Today is the 50th anniversary of Ernest Hemingway’s death, and an article by Jeffrey Meyers in the Wall Street Journal on Hemingway’s literary achievement reminded me of that. He died, sadly by his own hand, on July 2, 1961.
I thought it would be a fitting tribute to share one of Hemingway’s insights into writing that really made a difference to me. For all the tumult in his personal life, he was an amazingly disciplined writer, and I think much can be learned from his approach to writing. One was his famous goal of achieving and logging a certain word count every day that he was working on a project. (This was before you just had to click “Word Count” in your word processing program!) His steadfastness in his writing probably accounts for his steady output, or as Jeffrey Meyers puts it, he “wrote at least one great work in every decade of his career.”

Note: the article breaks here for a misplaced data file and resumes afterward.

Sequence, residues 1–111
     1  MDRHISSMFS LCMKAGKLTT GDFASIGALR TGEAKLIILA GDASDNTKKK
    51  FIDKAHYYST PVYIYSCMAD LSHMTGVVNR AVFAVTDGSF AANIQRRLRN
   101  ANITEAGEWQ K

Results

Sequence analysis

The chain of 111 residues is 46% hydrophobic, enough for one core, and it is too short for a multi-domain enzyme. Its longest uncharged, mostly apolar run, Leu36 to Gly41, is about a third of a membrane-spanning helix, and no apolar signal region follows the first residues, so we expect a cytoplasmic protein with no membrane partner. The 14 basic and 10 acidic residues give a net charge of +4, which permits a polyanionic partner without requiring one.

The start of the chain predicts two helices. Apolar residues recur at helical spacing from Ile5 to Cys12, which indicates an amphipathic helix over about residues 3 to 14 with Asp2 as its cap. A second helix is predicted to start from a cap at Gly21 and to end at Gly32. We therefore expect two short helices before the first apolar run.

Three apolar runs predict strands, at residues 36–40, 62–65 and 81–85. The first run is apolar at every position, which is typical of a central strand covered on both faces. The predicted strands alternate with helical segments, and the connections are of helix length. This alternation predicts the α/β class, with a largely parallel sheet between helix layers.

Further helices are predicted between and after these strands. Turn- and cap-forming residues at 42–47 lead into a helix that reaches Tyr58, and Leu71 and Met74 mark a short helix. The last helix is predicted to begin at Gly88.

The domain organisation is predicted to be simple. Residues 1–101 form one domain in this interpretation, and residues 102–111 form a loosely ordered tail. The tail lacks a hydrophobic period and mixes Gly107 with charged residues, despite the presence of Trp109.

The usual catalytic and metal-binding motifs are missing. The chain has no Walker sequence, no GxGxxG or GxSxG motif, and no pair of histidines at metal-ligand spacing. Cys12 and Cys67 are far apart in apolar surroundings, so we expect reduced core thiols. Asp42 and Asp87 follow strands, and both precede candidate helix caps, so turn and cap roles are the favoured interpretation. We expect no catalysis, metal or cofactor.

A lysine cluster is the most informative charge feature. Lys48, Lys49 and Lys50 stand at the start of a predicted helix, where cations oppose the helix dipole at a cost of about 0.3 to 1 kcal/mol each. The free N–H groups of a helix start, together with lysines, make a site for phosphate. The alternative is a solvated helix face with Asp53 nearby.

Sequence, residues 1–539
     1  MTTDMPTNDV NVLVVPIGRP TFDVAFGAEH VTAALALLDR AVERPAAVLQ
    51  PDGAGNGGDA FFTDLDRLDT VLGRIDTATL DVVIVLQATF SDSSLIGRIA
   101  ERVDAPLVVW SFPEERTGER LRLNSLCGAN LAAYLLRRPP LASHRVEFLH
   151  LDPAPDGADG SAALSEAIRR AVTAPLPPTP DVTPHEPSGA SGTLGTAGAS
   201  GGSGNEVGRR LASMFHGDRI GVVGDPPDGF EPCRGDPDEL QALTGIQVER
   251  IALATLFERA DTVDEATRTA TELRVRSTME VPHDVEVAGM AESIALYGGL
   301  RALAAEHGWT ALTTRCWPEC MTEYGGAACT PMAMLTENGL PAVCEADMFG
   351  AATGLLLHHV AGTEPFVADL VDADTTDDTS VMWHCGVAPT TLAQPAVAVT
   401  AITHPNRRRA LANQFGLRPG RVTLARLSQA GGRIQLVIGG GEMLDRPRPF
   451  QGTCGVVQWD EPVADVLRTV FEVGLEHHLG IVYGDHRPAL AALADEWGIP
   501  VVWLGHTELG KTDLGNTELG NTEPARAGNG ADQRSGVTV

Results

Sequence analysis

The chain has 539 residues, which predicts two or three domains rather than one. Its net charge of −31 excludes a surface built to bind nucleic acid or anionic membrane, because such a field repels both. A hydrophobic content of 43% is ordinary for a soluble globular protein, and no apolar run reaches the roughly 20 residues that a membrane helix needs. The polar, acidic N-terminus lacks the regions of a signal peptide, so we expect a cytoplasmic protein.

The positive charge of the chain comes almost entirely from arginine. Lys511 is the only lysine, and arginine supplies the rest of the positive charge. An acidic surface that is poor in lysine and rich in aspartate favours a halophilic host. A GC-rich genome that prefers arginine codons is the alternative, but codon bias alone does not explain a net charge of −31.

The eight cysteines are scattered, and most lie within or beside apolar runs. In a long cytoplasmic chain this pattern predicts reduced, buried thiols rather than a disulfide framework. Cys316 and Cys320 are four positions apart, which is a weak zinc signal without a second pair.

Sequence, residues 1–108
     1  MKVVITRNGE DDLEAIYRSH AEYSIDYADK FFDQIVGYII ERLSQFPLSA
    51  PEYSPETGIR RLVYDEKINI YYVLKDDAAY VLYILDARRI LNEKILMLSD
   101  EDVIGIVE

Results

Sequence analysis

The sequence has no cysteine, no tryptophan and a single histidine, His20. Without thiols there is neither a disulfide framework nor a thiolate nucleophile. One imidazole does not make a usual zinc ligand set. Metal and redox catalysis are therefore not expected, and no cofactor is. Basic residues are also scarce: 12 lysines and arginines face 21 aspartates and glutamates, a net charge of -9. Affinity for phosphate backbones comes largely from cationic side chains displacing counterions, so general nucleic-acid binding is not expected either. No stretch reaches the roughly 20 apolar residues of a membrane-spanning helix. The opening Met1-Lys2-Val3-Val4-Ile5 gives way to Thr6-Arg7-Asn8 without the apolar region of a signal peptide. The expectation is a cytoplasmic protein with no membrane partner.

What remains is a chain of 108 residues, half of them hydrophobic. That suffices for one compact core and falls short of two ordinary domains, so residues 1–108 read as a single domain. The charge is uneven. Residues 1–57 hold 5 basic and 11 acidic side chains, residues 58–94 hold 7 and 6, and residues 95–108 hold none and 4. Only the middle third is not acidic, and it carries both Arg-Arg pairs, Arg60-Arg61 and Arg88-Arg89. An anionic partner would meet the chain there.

But what really made a difference to me in my own approach to writing is this insight he shares in his memoir of his years in Paris, A Moveable Feast:
“I had learned already never to empty the well of my writing, but always to stop when there was still something there in the deep part of the well, and let it refill at night from the springs that fed it.”
My standard approach, before I read this, was to write until I was exhausted, until I had said everything I wanted to say, until a certain chapter or point was completed. But during my first writer’s residence at the VCCA, I tried Hemingway’s approach and found it worked much better, especially when you’re working, like I was then, on the first draft of a book length manuscript: Stop when you still have something to say so that the next day you know exactly where to begin.